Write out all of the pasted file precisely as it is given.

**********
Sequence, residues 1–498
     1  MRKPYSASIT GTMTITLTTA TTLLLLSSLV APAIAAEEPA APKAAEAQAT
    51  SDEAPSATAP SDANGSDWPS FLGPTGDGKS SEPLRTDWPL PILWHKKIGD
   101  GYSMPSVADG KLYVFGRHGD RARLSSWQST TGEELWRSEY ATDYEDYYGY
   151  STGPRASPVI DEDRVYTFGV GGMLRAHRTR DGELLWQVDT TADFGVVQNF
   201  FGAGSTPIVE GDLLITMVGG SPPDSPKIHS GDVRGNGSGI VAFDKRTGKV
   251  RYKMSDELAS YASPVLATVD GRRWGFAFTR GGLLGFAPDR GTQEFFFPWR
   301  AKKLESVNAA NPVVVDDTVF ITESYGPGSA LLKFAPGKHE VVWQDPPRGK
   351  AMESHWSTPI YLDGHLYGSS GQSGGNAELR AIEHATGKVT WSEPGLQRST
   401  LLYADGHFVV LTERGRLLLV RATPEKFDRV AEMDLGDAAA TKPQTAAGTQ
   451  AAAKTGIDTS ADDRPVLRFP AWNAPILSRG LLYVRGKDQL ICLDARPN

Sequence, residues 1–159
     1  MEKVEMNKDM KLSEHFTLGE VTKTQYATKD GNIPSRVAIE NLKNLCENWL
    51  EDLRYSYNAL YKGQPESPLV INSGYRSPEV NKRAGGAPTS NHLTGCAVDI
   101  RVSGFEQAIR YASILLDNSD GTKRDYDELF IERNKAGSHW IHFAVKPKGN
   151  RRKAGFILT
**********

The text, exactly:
Sequence, residues 1–498
     1  MRKPYSASIT GTMTITLTTA TTLLLLSSLV APAIAAEEPA APKAAEAQAT
    51  SDEAPSATAP SDANGSDWPS FLGPTGDGKS SEPLRTDWPL PILWHKKIGD
   101  GYSMPSVADG KLYVFGRHGD RARLSSWQST TGEELWRSEY ATDYEDYYGY
   151  STGPRASPVI DEDRVYTFGV GGMLRAHRTR DGELLWQVDT TADFGVVQNF
   201  FGAGSTPIVE GDLLITMVGG SPPDSPKIHS GDVRGNGSGI VAFDKRTGKV
   251  RYKMSDELAS YASPVLATVD GRRWGFAFTR GGLLGFAPDR GTQEFFFPWR
   301  AKKLESVNAA NPVVVDDTVF ITESYGPGSA LLKFAPGKHE VVWQDPPRGK
   351  AMESHWSTPI YLDGHLYGSS GQSGGNAELR AIEHATGKVT WSEPGLQRST
   401  LLYADGHFVV LTERGRLLLV RATPEKFDRV AEMDLGDAAA TKPQTAAGTQ
   451  AAAKTGIDTS ADDRPVLRFP AWNAPILSRG LLYVRGKDQL ICLDARPN

Sequence, residues 1–159
     1  MEKVEMNKDM KLSEHFTLGE VTKTQYATKD GNIPSRVAIE NLKNLCENWL
    51  EDLRYSYNAL YKGQPESPLV INSGYRSPEV NKRAGGAPTS NHLTGCAVDI
   101  RVSGFEQAIR YASILLDNSD GTKRDYDELF IERNKAGSHW IHFAVKPKGN
   151  RRKAGFILT